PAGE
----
In the rush of our busy lives, it seems that logging adequate sleep each night has gotten lost in our steadily growing list of priorities, to-do’s, and social engagements. In fact, in 2010, up to 10% of the adult population in the United States took sleeping pills because falling asleep naturally simply eluded them!

But, while sleep aids may help us to get the shuteye we desperately crave, even taking sleeping pills infrequently may lead to serious health consequences down the road. Keep reading to find out the real dangers associated with reliance on sleep aids and how to fall asleep naturally each and every night.

Are you currently taking a nightly sleeping pill? If so, you could be seriously jeopardizing your health. Sleep studies have shown that “prescription sleeping pill use was associated with significantly increased mortality.”

According to a study published in the BMJ Open journal, when being prescribed any hypnotic–such as zolpidem (Ambien), temazepam, eszopiclone (Lunesta), zaleplon, other benzodiazepines (like Ativan, Xanax, Valium, and Klonopin), barbiturates and sedative antihistamines–“users suffered from substantially elevated hazards of dying compared to those prescribed no hypnotics.”

In an interview with CNN, Arizona State University sleep researcher Shawn Youngstedt said, “Sleeping pills are extremely hazardous…They are as bad as smoking a pack of cigarettes a day. Not to mention they cause infections, falling and dementia in the elderly, and they lose their effectiveness after a few weeks.”

Studies show that the very serious dangers of sleeping pills also include the following:

So, what can you do to get a healthy night’s sleep without putting your health, life, and wellness at risk? Research shows that two things are integral to getting quality shuteye:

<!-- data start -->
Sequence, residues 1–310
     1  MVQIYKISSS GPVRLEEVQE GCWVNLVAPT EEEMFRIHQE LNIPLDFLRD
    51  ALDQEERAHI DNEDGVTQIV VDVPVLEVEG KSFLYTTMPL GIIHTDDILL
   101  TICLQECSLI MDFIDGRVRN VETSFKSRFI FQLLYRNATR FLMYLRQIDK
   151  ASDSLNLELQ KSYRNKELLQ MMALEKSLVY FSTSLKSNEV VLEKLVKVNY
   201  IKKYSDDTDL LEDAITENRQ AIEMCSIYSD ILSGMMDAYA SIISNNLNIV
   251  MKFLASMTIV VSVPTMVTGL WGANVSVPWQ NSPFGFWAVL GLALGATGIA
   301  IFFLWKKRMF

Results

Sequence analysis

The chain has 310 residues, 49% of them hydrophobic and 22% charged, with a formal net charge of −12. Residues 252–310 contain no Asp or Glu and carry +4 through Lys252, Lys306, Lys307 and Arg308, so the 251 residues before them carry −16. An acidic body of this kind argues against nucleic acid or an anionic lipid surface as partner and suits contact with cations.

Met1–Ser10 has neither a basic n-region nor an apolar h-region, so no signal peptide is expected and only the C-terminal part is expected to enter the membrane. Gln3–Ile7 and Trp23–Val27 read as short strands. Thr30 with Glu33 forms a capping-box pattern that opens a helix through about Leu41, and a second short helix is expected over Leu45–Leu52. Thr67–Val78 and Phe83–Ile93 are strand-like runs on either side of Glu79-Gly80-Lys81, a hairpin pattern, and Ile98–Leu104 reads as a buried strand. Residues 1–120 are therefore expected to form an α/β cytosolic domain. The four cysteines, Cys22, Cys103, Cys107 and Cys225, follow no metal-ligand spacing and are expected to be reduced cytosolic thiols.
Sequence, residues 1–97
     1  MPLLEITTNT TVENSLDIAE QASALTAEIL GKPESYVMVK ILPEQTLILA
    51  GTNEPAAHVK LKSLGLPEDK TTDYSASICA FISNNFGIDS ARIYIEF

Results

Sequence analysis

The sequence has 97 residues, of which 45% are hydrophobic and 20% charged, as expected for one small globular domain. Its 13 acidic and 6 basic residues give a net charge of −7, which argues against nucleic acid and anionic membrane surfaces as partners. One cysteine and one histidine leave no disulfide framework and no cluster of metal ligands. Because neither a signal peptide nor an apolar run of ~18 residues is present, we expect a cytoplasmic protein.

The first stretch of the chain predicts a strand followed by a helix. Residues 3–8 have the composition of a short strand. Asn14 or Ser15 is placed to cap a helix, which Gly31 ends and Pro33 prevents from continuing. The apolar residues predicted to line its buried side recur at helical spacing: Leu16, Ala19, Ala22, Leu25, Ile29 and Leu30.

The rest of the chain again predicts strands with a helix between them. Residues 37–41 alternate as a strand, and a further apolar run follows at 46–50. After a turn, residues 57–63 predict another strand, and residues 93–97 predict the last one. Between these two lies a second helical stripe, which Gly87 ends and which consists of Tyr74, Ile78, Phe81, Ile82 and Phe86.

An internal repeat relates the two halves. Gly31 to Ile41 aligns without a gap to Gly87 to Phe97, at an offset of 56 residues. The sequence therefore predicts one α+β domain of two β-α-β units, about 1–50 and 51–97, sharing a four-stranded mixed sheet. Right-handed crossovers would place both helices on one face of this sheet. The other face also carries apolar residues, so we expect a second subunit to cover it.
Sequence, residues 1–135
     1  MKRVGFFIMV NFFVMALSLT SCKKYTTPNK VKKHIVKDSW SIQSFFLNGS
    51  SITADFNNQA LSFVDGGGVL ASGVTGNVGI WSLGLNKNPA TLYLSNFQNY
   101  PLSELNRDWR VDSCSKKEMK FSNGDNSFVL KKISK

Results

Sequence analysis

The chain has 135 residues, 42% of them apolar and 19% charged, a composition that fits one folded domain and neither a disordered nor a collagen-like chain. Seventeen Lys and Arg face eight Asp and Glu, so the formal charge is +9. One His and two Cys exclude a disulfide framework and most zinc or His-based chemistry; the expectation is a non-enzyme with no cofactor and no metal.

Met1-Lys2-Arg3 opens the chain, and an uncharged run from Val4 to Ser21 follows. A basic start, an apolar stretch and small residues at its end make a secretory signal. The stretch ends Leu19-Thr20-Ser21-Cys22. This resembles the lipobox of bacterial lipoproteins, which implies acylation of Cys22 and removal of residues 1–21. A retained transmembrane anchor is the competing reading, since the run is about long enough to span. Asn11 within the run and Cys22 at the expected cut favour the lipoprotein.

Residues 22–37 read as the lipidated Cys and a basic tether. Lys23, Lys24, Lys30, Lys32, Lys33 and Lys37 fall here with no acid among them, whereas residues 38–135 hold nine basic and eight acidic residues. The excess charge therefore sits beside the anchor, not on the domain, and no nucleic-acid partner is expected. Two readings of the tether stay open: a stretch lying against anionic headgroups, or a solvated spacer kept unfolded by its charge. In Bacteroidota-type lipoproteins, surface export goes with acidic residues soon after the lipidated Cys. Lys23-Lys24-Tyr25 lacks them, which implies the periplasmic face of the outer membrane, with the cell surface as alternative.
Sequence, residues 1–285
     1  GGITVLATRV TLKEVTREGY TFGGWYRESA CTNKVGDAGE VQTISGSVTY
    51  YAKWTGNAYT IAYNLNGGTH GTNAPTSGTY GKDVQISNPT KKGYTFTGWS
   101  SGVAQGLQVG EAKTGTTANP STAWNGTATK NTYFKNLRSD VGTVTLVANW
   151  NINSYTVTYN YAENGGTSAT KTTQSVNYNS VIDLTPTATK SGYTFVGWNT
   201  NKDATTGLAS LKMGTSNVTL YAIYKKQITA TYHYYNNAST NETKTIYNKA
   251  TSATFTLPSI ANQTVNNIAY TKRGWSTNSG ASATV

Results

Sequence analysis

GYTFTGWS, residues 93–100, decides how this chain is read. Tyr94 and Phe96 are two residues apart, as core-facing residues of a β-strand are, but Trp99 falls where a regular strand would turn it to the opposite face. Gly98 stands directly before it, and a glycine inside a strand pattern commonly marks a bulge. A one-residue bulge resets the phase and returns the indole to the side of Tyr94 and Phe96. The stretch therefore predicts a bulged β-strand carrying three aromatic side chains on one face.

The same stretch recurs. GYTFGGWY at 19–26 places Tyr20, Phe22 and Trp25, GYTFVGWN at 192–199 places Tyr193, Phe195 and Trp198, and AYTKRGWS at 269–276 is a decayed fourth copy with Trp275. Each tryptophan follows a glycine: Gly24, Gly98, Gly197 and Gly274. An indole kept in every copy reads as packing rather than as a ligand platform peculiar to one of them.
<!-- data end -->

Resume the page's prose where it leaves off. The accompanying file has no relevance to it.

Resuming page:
Exercise: In an interview with Time Magazine, Cheri Mah–a sleep medicine researcher at Stanford University and the University of California, San Francisco–discussed the strong correlation between regular exercise and high quality sleep. Mah asserts, “When you look at the research, regular physical activity is important for high quality sleep, and high quality sleep is important for physical performance.”

On the benefits of exercise as they relate to sleep quality, Youngstedt is in agreement. He explains that exercise is a less expensive, healthier alternative to sleeping pills, and adds “as an added bonus: Research suggests those who are physically active have a lower risk of developing insomnia in the first place.”

For best results, shoot for 2.5 hours a week of moderate-intensity aerobic exercise and two, full-body strength training sessions each week. Bonus points if you can workout outside. Because light exposure helps regulate the body’s internal clock, working out in bright light can promote even better sleep.

Mattress quality: While exercise may help you to fall asleep more quickly, a supportive mattress can help to stay sleeping solidly throughout the night. One of the largest studies ever conducted on normal, pain-free sleepers evaluated how different mattress support levels impact sleep, pain, and daytime functioning.

Conducted over a four-year period and evaluating 128 subjects, this study proves that mattress firmness has significant effects on sleep and daytime function. Additionally, very low and very high levels of firmness were associated with “relatively worse sleep, greater morning pain, and poorer daytime function.”

Furthermore, the study goes on to say that “this finding raises the possibility that the ordinary showroom experience does not lead individuals to select the mattress that results in best sleep over a more extended period.” For a truly exceptional mattress that offers just the right amount of firmness and support, take advantage of Nuvanna’s 100-night risk free trial.